The Government mishandled its transport announcements - a hike in fuel excise across the country and ditching the next set of significant state highway projects (such as four-laning Wellsford to Whangarei) in favour of greater public transport funding in Auckland including rail.

The lasting impression is that regional New Zealand will be subsidising the transport demands of Auckland.

New Zealand First's recent claim to victory has been running an offset compensation scheme for regional damage done by others' cuts to irrigation schemes, roading projects, or exploration.

The effects of the decision to ban future oil and gas exploration at sea may not be as tangible as the roading ones.

But the effects of the ban may be more difficult for the Government to handle than the parochial roading one.

It affects not just how it handles Taranaki, historically the most enterprising region of the country, but also the Government's reputation as the steward of the wider economy.

Bridges compares its approach to a "wrecking ball" which may seem like hyperbole but the investment climate, Government as well as foreign, may be about to take a turn for the worse.

Infometrics yesterday forecast a 2.9 per cent contraction in Government investment spending over the next 18 months in part due to large roading contracts coming to a halt, with few new ones to replace them.

It also forecasts a slump in net migration to 17,000 by 2021 and economic growth slipping to below 2 per cent next year before it picks up in 2020 – none of which can readily be blamed on the last Government.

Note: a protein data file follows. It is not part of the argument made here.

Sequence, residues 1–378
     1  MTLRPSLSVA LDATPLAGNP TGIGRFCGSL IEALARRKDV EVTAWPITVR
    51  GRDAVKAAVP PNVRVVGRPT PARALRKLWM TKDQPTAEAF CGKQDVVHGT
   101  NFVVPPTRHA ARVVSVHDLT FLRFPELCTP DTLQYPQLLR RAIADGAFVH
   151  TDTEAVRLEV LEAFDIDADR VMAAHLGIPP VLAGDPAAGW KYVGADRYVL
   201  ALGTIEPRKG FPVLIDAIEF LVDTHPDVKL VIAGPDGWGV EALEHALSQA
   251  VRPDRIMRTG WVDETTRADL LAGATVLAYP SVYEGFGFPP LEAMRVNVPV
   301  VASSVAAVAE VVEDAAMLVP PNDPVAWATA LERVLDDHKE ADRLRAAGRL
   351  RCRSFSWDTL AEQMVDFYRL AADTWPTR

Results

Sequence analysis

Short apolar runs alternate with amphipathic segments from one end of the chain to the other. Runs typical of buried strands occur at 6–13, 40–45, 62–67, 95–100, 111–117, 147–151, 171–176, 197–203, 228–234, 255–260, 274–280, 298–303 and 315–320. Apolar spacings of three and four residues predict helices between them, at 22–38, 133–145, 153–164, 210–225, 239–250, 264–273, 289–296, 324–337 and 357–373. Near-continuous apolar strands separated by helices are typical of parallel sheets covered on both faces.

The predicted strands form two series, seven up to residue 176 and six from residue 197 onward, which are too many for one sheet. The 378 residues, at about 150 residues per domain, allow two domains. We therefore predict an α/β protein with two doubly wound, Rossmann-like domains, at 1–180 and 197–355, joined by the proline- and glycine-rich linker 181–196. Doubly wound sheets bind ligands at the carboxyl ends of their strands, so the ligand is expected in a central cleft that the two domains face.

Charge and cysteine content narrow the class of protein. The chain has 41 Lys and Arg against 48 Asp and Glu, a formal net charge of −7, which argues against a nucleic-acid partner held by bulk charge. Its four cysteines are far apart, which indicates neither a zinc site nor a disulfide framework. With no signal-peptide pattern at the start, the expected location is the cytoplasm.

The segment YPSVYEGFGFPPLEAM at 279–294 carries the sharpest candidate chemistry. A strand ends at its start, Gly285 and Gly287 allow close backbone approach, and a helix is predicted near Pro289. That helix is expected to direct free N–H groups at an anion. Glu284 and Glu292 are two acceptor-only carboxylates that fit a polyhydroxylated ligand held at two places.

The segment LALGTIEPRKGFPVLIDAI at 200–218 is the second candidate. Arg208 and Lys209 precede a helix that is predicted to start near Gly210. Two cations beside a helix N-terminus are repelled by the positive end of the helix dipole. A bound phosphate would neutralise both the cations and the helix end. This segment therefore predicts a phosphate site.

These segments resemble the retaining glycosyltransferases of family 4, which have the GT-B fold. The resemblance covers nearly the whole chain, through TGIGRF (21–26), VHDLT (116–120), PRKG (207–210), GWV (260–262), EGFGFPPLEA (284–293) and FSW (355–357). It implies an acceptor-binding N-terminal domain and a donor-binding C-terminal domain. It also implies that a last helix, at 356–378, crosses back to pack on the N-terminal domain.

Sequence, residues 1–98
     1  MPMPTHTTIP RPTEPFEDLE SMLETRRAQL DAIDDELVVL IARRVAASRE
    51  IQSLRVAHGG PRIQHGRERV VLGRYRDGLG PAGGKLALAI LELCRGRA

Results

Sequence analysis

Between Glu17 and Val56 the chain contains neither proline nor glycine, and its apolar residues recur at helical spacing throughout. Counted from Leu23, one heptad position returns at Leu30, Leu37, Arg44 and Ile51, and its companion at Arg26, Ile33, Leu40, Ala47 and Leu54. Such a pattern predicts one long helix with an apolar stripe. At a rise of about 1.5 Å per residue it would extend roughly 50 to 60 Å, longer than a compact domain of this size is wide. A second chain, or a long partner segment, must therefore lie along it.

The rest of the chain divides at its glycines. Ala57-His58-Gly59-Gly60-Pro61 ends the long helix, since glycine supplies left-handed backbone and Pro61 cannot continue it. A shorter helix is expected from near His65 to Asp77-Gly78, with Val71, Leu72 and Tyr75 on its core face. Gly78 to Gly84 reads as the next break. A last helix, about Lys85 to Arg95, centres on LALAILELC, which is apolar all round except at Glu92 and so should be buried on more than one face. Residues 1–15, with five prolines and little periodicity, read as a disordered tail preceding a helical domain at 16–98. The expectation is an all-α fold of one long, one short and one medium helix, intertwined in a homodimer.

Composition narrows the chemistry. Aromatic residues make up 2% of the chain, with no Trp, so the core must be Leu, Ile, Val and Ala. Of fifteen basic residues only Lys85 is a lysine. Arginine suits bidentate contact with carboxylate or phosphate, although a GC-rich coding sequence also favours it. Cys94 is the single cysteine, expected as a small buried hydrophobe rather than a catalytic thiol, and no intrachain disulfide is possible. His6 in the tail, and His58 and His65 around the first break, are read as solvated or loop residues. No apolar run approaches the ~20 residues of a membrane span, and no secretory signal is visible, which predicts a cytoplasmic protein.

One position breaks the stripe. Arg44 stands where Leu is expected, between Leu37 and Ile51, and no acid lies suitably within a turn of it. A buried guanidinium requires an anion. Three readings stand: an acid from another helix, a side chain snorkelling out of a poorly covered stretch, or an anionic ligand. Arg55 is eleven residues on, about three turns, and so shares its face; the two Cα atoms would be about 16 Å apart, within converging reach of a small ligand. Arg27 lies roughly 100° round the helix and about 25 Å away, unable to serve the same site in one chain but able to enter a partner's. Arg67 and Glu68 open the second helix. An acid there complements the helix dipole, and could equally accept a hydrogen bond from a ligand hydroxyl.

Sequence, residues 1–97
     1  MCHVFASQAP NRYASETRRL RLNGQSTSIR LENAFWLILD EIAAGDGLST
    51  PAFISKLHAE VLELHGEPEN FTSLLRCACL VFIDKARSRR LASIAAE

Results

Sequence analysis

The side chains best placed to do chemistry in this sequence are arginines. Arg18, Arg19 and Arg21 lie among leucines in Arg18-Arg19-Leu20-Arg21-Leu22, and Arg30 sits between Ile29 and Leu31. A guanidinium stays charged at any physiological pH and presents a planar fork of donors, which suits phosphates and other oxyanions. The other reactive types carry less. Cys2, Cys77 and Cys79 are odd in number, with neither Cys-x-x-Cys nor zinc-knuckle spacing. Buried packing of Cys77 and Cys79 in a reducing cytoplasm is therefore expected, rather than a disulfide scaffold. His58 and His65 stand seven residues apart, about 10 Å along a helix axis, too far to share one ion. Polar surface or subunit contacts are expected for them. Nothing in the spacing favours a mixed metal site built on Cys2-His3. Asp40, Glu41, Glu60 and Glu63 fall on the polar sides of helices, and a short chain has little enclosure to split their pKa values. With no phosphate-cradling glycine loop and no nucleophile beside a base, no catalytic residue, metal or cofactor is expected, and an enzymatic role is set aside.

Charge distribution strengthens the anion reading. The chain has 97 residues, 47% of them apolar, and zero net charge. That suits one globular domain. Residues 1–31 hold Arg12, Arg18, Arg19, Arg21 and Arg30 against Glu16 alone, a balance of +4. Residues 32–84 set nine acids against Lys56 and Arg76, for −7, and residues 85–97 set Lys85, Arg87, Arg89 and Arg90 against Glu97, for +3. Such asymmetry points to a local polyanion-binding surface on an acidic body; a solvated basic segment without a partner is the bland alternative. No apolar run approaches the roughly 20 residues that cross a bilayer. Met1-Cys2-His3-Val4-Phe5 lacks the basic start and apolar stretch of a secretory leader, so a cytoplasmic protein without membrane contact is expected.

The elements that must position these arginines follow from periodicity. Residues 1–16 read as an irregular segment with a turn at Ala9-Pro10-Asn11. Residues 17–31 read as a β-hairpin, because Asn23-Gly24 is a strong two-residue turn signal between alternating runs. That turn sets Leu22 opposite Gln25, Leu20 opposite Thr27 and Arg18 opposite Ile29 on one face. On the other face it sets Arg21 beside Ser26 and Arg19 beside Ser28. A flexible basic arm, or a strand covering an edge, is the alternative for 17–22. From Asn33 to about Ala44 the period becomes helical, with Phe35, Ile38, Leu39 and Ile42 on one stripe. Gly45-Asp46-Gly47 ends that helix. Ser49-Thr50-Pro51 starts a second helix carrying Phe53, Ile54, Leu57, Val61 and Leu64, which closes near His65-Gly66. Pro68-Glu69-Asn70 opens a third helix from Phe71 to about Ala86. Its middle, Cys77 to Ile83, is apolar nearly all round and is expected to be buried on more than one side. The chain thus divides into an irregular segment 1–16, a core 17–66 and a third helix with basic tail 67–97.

Ardern and Robertson began in earnest on Monday to blame the previous Government for anticipated limitations of the Budget on May 17.

In the days leading up to Monday's press conference, both had variously suggested former Health Minister Jonathan Coleman had been responsible for leaky buildings at Middlemore and that desperate health boards had been using their capital expenditure on operational expenditure (pretty much a sackable offence).

In the absence of any supporting facts, Ardern decided to call the situation at Middlemore "emblematic," a label which seems to mean it can still be used for political purposes even if it is not true.

Simon Bridges did the only thing he could do and insisted if the previous Government had known about it, it would have fixed it – and kept his fingers crossed that no one in National had been told.

The contradictory messaging will no doubt continue up to the Budget: Bridges is saying National left a sound economy and the books in excellent shape with plenty of options for the next Government; and Ardern is saying Labour is having to make up for so much under-spending in health and education that things will be tight.

At some point they will be switching – he will be lamenting the state of the economy and she will be taking credit for revitalising the health and education sectors.

Bridges has cause to be happy with his start as Opposition Leader but it is not a role he will be happy having for too long.